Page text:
Porcelain tiles or ceramic tiles are porcelain or ceramic tiles commonly used to cover floors and walls, with a water absorption rate of less than 0.5 percent. The clay used to build porcelain tiles is generally denser. They can either be glazed or unglazed. Porcelain tiles are one type of vitrified tiles and are sometimes referred to as porcelain vitrified tiles.
Historically, porcelain was not the usual material for tiles, which were much more often made of earthenware (terracotta) or stoneware. The first porcelain tiles were made in China, for example in the 15th-century Porcelain Tower of Nanjing (now largely destroyed). Here the tiles were used for walls, which long remained typical. In Europe, a few rooms were made in palaces of porcelain plaques, often with forms in high relief. These were made by Capodimonte porcelain and Real Fábrica del Buen Retiro among others.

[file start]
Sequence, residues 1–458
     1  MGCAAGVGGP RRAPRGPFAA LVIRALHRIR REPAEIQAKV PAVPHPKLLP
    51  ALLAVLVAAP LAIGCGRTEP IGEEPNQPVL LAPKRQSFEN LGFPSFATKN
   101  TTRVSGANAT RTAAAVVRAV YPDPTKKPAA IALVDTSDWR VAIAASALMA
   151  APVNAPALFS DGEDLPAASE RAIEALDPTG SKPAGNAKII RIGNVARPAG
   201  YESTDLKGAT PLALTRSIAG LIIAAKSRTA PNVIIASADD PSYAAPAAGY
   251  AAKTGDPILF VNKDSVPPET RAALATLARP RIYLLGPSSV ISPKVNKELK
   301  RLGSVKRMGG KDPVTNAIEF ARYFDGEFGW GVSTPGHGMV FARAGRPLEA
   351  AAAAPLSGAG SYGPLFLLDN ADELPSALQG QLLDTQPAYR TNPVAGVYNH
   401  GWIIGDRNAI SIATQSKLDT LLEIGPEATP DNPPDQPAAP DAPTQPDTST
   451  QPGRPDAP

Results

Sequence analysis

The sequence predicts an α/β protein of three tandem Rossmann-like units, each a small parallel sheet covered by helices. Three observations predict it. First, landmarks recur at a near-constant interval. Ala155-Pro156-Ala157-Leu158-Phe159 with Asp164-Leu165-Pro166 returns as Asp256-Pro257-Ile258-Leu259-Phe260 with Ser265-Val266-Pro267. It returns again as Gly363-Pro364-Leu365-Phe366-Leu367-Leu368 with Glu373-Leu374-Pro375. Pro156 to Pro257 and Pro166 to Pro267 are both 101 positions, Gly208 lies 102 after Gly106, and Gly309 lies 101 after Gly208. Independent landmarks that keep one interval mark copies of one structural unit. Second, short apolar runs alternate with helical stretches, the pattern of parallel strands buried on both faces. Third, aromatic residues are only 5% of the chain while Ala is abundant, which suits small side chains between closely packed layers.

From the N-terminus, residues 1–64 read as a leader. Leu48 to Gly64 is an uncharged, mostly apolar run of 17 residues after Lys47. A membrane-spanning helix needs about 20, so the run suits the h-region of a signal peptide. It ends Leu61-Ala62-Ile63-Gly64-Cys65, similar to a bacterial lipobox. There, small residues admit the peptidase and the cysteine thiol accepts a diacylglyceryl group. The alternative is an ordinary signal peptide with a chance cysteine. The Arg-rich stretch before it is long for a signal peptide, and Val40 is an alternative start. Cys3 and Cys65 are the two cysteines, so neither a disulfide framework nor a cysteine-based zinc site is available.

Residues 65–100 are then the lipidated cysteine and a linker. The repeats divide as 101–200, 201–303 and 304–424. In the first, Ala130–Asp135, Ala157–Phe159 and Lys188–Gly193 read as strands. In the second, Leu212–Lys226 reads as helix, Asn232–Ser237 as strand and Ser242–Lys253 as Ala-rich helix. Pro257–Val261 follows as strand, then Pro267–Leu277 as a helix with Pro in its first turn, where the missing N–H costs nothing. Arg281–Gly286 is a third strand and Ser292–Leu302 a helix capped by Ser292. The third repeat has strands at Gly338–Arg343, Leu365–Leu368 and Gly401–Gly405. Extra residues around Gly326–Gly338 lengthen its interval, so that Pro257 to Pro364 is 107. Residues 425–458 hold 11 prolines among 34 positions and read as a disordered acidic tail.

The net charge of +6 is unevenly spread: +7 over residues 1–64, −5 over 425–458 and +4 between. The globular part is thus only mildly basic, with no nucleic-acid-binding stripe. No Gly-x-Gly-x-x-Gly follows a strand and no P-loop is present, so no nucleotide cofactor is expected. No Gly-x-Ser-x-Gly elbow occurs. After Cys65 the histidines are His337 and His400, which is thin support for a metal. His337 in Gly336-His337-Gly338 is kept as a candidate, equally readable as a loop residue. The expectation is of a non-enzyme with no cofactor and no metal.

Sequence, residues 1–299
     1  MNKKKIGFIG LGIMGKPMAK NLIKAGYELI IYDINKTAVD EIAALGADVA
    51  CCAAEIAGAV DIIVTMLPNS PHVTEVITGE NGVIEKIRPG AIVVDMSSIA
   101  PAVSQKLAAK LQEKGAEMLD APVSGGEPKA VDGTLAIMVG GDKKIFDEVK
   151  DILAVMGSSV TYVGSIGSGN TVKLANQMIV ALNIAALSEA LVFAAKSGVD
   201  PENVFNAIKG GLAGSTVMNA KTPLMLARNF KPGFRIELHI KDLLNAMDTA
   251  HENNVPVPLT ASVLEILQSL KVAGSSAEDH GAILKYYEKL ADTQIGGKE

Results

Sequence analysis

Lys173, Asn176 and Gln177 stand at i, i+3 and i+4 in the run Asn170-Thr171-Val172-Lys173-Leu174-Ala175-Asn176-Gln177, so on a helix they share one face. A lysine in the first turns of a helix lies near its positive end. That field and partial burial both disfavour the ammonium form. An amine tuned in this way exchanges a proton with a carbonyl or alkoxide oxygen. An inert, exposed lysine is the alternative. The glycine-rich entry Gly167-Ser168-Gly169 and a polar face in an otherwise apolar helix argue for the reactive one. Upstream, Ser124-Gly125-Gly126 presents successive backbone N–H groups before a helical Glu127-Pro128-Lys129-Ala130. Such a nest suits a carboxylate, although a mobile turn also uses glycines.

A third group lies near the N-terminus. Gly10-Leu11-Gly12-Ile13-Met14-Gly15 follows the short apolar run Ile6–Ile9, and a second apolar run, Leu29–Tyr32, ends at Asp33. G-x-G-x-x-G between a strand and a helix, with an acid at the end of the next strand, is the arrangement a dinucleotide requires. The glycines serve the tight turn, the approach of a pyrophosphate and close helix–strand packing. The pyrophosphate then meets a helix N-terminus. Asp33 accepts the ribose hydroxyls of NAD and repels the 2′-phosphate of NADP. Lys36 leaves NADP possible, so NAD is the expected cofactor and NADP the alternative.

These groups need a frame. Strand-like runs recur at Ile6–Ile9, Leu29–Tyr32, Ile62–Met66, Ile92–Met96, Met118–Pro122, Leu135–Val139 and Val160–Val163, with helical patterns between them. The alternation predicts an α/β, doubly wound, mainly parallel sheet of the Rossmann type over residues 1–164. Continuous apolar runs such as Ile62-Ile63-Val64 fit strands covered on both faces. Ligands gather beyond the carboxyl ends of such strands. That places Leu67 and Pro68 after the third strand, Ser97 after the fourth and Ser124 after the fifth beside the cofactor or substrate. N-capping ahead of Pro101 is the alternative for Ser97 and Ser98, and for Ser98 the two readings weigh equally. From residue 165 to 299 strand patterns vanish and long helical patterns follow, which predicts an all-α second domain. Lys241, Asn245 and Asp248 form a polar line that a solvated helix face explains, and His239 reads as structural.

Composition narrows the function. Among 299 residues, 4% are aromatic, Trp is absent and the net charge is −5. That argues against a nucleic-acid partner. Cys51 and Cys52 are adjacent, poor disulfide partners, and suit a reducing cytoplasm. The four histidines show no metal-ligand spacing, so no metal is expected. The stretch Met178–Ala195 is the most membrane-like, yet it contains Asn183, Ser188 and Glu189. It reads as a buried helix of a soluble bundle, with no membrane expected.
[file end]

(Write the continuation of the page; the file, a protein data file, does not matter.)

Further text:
Although porcelain has now been widely used for making tiles for many years, modern production methods and quantities have made porcelain tiles available for the average householder in recent years.